(June 26, 2019) -- As a knowledge enterprise, UTSA is committed to training the next generation of researchers and to addressing society’s grand challenges. To diversify the nation’s academe and to address challenges related to the nation’s growing population and changing demography, the Andrew W. Mellon Foundation has awarded UTSA a $500,000 grant to support its Mellon Humanities Pathways Program.
The funding will advance the work of 36 student fellows from underrepresented and other backgrounds pursuing graduate studies and conducting research related to the theme Latinos in a Changing World. A dozen students per year for three years will receive support. They come from diverse racial, ethnic, geographic and socioeconomic backgrounds.
UTSA students will explore the impacts of this population growth by conducting qualitative and quantitative research in literature, art, music, history, communications, anthropology, sociology, philosophy and other humanities fields.
“The core goal of the program is to contribute to a more inclusive professoriate, thus one of the key strategies is to demystify academic careers one step at a time, from the initial steps of applying for graduate school to the skills and practices for a successful career beyond the Ph.D.,” replied Jerry Gonzalez, principal investigator (PI) of the grant, UTSA associate professor of history and director of the UTSA Mexico Center.
The UTSA fellows will be paired with a faculty mentor who is conducting research in the student’s area of interest. The mentors will work with the fellows one-on-one and share research and writing best practices.
“Many first-generation college students, low-income, community college transfers, military veterans, post-traditional or any combination of those groups have a difficult time navigating the process to prepare for an academic career. Many are not trained to craft a competitive graduate application packet even if they possess all the outstanding qualities that graduate programs seek,” explained Gonzalez.
The UTSA fellows will visit humanities Ph.D. programs in Texas, attend professionalization workshops and learn how to prepare their applications for graduate programs. Mentors provide guidance and letters of recommendation for the graduate school applications. Fellows also receive assistance writing their curriculum vitae and personal statements at the UTSA Writing Center on campus.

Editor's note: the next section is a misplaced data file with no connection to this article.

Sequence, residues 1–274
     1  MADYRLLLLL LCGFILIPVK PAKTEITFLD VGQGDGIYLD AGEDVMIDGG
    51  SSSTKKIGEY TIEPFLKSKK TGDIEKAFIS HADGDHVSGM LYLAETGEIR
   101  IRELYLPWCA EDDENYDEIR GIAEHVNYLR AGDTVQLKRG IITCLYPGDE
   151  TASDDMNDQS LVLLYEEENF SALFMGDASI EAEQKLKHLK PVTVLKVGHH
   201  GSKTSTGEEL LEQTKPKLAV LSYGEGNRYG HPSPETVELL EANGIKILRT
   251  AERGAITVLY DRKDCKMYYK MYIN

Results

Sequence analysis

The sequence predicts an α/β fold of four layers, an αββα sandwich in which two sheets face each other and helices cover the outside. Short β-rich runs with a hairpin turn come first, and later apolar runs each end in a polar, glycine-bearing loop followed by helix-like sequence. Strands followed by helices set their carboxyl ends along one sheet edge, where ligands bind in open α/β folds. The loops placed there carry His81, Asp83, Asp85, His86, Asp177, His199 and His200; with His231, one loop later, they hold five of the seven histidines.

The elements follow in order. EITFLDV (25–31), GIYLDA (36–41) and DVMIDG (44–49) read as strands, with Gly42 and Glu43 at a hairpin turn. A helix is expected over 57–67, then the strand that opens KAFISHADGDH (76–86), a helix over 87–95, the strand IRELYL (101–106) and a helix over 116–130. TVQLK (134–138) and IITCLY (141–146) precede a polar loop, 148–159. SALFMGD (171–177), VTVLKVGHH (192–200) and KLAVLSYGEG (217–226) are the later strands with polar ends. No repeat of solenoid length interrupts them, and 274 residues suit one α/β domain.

Prominent humanities scholars will visit UTSA to work directly with the fellows. The scholars will host workshops that will include research presentations followed by discussions about research methods, the scholar’s academic journey and how to prepare for a career in academia.
The Mellon Humanities Pathways Program is housed in the UTSA Mexico Center, which is part of the College of Liberal and Fine Arts (COLFA).
UTSA launched the program with a grant from the Andrew W. Mellon Foundation in September 2016 under then PI, Harriett Romo who retires in August of this year. Currently wrapping up its third cohort, the program has been a significant educational resource for 36 fellows pursuing academic careers in the humanities.
The majority of those fellows have presented their research at local, state or national conferences and have applied and been accepted into post-baccalaureate programs.
Sarah Vegerano ’18, a post-traditional student, was a fellow in the Mellon Humanities Pathways Program. She is a disabled Navy veteran and mother who is originally from St. Peters, Missouri.
While at UTSA, Vegerano completed a bachelor’s degree in history and a minor in political science and had her research published in the UTSA Journal of Undergraduate Research and Scholarly Works (JURSW) in the fall of 2018.
This fall, she will begin a five-year Ph.D. program at Texas A&M University in College Station to continue her studies in U.S. history specializing in the development of the education system here in Texas starting in 1850.
Vegerano said the Mellon Humanities Pathways Program allowed her to explore her love of research and history.
“I grew academically by the involvement of my mentor, Jerry Gonzalez, and the amazing resources the program provided. I met my now Ph.D. TAMU advisor through my mentor because of our similar research interests and one of the many campus visits,” explained Vegerano. “I don't think I would have had the courage to apply let alone pursue a graduate degree if it had not been for this program, the amazing support and people within it.”
The Mellon Humanities Pathways Program enhances students’ subject matter knowledge of the humanities fields, develop students’ qualitative and quantitative research skills, strengthens fellows’ oral and written communication skills and prepares undergraduates to apply and succeed in humanities graduate programs and future careers in academia with the goal of diversifying higher education institutions across the nation.
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